Historical Trajectories
Imperialism and Capitalism
A symbiotic relationship?
Capitalism: a historically specific economic system in which production and distribution are designed to accumulate capital and create profit.

The system is characterised by the separation of those who own the means of production and those who work for them.
What Marx Said:
In addition to the modes of production described as premodern, he adds:
How would this work on a global scale?
World Systems Theory
Regulated (pre-modern) States
Bands and Tribes
More socially stratified than bands and tribes.
But chiefs only have 'hegemony' over people (not necessarily territory)
Bound by rules and mutual obligations
Merchant Trading
Knox and Marston (2010: 53)
WST divides up space into core, periphery and semiperiphery.
Core: those regions in the world that dominate in trade, technology, productivity and economic diversity
Periphery: those regions with dependent and disadvantageous trading relations, poor technology, specialised economies and low productivity.
Semi-periphery: transitional regions that exploit peripheries but are in turn exploited by the core.
The core is like the capitalist
The periphery is like the working class
The semi-periphery is like the middle class?
For most of NZ's Colonial history, it exported sheep meat and wool to Britain. An example of a specialised and dependent economy.
Dominating the World System
Leadership cycles:
One state gains economic, political, and military hegemony for a particular period.
They are able to set and enforce the terms for trade, political alliance, and even cultural practices by virtue of their power.
Modern world system thought to have had 5 cycles so far.
Colonialism/imperialism and capitalism have played important roles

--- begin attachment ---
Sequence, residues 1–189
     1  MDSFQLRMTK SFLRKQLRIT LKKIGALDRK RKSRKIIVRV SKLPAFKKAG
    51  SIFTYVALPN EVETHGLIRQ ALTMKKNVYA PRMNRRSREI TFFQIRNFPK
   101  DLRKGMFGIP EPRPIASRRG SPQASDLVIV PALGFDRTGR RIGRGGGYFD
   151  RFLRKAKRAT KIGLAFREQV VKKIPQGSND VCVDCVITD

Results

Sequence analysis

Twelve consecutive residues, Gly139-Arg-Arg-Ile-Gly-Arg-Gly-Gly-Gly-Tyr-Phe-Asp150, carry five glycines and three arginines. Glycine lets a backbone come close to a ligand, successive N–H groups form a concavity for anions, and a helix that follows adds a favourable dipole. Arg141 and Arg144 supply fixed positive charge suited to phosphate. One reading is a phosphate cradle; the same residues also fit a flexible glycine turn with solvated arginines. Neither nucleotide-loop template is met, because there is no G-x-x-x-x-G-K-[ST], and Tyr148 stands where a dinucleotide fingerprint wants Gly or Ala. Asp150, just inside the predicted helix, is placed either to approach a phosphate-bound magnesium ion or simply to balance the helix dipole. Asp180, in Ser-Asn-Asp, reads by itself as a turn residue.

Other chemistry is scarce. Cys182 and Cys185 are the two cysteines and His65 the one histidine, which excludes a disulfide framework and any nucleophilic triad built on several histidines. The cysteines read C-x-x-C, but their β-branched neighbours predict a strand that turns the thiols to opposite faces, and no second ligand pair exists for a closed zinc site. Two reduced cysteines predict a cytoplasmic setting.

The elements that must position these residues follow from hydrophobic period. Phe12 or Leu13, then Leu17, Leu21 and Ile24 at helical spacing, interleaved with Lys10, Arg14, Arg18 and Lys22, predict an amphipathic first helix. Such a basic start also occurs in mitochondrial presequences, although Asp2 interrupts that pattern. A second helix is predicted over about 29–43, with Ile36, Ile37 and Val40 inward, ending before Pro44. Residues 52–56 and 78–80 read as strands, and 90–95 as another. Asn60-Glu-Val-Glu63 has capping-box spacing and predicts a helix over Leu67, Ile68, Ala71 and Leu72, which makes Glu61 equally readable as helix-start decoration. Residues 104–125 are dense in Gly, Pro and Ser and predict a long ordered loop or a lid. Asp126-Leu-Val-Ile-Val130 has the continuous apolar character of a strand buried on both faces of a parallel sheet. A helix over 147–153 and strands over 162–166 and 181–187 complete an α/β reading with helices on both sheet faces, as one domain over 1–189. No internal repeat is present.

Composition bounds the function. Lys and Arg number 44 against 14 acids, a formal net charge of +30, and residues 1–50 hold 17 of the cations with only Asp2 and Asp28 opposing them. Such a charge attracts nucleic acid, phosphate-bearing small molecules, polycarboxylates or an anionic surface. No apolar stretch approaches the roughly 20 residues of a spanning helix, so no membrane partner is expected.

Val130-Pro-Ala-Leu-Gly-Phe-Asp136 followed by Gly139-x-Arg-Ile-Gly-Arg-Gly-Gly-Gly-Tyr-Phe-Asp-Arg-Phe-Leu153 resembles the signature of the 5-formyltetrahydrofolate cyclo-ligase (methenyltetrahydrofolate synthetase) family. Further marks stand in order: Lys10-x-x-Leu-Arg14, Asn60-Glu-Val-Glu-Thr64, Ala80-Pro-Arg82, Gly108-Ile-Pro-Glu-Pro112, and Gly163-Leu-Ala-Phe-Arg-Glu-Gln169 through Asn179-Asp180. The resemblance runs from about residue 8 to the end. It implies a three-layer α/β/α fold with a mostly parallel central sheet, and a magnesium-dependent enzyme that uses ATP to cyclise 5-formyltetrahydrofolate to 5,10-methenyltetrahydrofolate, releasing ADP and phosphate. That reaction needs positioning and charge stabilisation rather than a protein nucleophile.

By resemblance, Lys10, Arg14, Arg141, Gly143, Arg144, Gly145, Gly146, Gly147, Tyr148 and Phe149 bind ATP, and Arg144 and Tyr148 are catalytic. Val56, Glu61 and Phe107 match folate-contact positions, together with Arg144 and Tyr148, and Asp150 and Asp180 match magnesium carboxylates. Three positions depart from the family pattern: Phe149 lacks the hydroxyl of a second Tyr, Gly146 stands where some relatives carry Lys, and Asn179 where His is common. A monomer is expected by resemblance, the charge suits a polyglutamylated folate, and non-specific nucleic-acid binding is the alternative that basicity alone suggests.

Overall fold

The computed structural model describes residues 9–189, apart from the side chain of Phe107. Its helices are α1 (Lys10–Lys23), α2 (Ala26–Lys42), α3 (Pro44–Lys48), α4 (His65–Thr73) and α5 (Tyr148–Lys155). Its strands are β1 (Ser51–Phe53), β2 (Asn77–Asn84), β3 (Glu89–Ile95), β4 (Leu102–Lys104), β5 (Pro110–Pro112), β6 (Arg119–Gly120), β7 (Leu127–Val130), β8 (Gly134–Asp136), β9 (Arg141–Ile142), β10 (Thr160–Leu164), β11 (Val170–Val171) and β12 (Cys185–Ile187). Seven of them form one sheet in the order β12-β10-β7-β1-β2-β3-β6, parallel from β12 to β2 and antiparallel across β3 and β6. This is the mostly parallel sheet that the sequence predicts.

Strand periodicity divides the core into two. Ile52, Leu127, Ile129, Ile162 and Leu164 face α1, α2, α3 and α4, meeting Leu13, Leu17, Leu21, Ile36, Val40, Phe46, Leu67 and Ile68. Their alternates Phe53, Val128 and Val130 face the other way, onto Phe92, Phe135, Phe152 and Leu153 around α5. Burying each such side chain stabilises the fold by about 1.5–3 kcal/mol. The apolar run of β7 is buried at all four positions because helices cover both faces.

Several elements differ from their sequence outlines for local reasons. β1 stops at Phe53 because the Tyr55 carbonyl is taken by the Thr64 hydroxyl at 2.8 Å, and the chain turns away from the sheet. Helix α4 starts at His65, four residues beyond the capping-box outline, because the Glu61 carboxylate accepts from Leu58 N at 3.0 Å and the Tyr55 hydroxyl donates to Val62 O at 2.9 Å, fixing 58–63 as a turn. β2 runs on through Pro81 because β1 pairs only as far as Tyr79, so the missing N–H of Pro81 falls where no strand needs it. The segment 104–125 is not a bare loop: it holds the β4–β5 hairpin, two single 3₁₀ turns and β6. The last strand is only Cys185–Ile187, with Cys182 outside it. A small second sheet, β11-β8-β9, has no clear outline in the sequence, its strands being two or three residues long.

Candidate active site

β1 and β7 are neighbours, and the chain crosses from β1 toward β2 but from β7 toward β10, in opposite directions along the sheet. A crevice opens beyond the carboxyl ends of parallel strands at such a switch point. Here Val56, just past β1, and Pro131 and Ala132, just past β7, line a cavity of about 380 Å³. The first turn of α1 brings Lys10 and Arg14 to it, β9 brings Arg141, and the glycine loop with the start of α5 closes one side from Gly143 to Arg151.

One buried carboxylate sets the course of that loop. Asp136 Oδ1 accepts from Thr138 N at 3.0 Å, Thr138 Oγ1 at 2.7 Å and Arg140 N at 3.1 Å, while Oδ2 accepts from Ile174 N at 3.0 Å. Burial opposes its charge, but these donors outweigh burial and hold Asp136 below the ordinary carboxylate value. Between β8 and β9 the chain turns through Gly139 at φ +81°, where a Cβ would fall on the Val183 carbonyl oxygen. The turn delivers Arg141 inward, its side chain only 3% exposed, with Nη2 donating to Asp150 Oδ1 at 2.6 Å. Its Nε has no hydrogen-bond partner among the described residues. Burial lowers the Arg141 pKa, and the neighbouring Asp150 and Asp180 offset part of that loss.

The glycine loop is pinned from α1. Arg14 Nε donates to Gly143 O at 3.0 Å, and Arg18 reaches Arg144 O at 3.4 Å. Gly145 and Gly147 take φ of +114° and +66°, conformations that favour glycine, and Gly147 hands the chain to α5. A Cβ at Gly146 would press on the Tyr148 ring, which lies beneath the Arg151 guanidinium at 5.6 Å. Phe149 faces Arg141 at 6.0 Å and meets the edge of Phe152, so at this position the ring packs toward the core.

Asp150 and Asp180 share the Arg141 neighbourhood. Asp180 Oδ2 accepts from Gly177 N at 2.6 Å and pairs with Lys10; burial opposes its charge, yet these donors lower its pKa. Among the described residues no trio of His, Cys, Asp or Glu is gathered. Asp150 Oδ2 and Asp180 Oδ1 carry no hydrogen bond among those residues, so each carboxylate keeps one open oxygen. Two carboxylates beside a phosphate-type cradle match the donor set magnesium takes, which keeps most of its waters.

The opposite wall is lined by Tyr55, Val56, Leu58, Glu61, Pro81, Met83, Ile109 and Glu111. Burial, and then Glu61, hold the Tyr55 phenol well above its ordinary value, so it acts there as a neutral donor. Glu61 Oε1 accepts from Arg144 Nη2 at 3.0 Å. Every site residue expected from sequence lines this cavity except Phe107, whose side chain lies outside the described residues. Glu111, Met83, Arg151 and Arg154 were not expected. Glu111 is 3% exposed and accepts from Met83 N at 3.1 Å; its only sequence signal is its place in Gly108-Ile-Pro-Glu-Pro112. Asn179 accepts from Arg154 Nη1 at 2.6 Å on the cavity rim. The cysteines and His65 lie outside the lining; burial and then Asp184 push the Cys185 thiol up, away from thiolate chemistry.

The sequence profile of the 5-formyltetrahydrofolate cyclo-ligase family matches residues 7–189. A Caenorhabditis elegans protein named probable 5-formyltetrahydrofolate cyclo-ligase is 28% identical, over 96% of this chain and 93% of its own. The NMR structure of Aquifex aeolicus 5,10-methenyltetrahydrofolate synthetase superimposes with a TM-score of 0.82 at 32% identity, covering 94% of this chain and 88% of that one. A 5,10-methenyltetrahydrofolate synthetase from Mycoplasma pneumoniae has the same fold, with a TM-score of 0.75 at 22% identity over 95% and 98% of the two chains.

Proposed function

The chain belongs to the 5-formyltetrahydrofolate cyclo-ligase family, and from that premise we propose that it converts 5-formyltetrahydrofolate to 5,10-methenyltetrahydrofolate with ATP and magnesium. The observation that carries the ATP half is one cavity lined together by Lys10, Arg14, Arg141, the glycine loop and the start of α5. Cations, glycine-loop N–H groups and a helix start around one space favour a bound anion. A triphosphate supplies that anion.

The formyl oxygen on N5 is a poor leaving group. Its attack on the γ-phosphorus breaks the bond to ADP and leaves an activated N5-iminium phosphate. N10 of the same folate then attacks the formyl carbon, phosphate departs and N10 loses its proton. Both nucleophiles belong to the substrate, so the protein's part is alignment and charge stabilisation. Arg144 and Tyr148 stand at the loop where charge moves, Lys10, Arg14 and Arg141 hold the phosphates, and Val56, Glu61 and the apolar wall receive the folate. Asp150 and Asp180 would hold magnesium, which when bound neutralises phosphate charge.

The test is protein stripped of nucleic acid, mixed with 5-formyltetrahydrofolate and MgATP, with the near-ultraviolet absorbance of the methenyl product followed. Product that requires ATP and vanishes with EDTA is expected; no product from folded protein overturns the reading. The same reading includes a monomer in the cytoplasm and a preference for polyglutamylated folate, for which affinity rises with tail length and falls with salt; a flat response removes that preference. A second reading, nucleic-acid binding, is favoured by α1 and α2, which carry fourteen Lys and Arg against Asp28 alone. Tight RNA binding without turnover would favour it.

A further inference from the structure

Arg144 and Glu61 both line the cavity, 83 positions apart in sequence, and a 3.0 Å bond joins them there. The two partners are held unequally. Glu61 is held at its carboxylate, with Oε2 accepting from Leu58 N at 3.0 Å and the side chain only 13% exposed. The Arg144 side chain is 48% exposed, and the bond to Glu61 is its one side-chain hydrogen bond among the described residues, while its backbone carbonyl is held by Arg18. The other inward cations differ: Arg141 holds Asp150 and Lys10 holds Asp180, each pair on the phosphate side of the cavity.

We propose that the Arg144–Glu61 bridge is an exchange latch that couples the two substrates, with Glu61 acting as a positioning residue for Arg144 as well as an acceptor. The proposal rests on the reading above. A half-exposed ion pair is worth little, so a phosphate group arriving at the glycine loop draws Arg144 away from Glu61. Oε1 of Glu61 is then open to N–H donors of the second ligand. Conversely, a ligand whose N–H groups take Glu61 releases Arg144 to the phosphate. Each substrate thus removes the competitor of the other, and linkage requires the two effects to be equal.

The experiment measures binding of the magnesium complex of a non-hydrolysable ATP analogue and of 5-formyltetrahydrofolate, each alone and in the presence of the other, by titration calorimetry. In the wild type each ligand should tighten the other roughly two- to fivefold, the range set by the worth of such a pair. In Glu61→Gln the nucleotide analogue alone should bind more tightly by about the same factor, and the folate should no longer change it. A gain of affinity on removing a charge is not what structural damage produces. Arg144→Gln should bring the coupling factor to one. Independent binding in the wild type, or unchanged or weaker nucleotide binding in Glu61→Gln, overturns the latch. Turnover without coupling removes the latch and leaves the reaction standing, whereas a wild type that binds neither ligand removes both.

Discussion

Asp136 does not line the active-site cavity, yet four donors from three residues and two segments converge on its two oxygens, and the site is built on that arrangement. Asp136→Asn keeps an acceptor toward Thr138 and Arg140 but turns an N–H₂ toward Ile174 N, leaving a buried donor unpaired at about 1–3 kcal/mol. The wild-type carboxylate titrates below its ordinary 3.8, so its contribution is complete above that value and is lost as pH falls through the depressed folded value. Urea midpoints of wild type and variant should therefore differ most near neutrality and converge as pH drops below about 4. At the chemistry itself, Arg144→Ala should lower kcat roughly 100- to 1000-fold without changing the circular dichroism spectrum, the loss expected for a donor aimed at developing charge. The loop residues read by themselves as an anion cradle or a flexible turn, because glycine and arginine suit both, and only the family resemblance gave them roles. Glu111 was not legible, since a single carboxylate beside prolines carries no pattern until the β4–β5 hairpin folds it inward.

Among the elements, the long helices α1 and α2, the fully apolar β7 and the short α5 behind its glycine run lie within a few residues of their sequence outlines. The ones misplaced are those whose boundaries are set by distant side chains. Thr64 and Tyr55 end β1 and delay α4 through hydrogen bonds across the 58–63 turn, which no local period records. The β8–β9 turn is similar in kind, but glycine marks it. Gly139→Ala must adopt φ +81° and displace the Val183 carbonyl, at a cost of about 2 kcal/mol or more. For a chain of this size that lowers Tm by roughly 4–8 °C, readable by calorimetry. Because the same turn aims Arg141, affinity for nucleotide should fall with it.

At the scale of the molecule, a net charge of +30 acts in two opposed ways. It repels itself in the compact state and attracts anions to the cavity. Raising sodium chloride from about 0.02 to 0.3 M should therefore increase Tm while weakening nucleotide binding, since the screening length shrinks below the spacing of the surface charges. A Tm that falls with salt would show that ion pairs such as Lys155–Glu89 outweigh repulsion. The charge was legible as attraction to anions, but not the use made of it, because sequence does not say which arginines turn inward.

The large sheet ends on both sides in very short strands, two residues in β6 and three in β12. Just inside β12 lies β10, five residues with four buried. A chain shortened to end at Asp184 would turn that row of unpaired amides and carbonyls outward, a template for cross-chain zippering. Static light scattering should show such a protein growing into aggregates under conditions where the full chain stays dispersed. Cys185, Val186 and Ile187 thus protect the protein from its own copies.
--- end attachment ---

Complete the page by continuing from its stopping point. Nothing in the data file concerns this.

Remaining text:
Portugal's claims to the New World
Britain:Battle of Waterloo
America: Gulf War
The Role of Technology?
The Industrial Revolution at the end of the eighteenth century was driven by a technology system based on water power and steam engines, cotton textiles, ironworking, river transportation systems, and canals. Each new technology system opens new geographic frontiers and rewrites the geography of economic development, shifting the balance of advantages between regions.
Knox and Marston (2010)
But why does technology develop in some places and not others?
Dependency Theory
Development and underdevelopment are opposite sides of the same coin.
Andre Gundar Frank, 1966
One gets the impression that the history of mankind has been one happy, relaxed and peaceful exchange of ideas, stimulating progress here, there and everywhere where contact between societies is made.

Cultural diffusion appears as a friendly merchant traveller, a timeless Marco Polo, innocently roaming the world, gently picking up a few ideas in one place and harmlessly depositing them in another.

Incredulously … ‘domination’, ‘exploitation’, ‘imperialism’ and ‘colonialism’ are not discussed … (Hoogvelt, 1976: 18 as cited in Webster, 1990: 61).
Imperialism and Capitalism in Africa
Ongoing effects

First world developed BECAUSE OF colonial relationships which UNDERDEVELOPED those places.

Wealth has a net flow from periphery towards the core, so that the periphery can NEVER develop while in trade relations with the core.

Development must occur through breaking relations with the core, and substituting imports with domestic industry.
But then how did America become part of the core by 1900?
Because it was exploiting the free labour of slaves.
Materialities of power
Any Hope?

Reading: Knox and Marston Chapter 2
Power and domination have shaped today's world.
While places are still unique and important, we can also identify some global processes (imperialism & capitalism) and trends affecting almost everywhere, with ongoing consequences.
These global processes affect places differently.
See summary on page 63
Next Lecture:
Prof Bob Fagan on Industrialisation and the Making of the 20th Century World.
Want More?
Read chapters 1 and 2 of An Introduction to Human Geography. This book is available in reserve at the library.
Shaw, D (2012) 'Pre-Capitalist Worlds'
Slater, T (2012) 'The rise and spread of capitalism'
Daniels, P., M. Bradshaw, D. Shaw and J. Sidaway. (2008) An Introduction to Human Geography: Issues for the 21st Century. Pearson Prentice Hall: Harlow.
In reading the history of capitalism.....
IMPORTANT: need to understand this basic idea
Good diagram to copy
Watch these later as revision, or if you didn't understand everything today
Because it cut itself off from Britain and became independent -- processing many of its own goods
Full transcript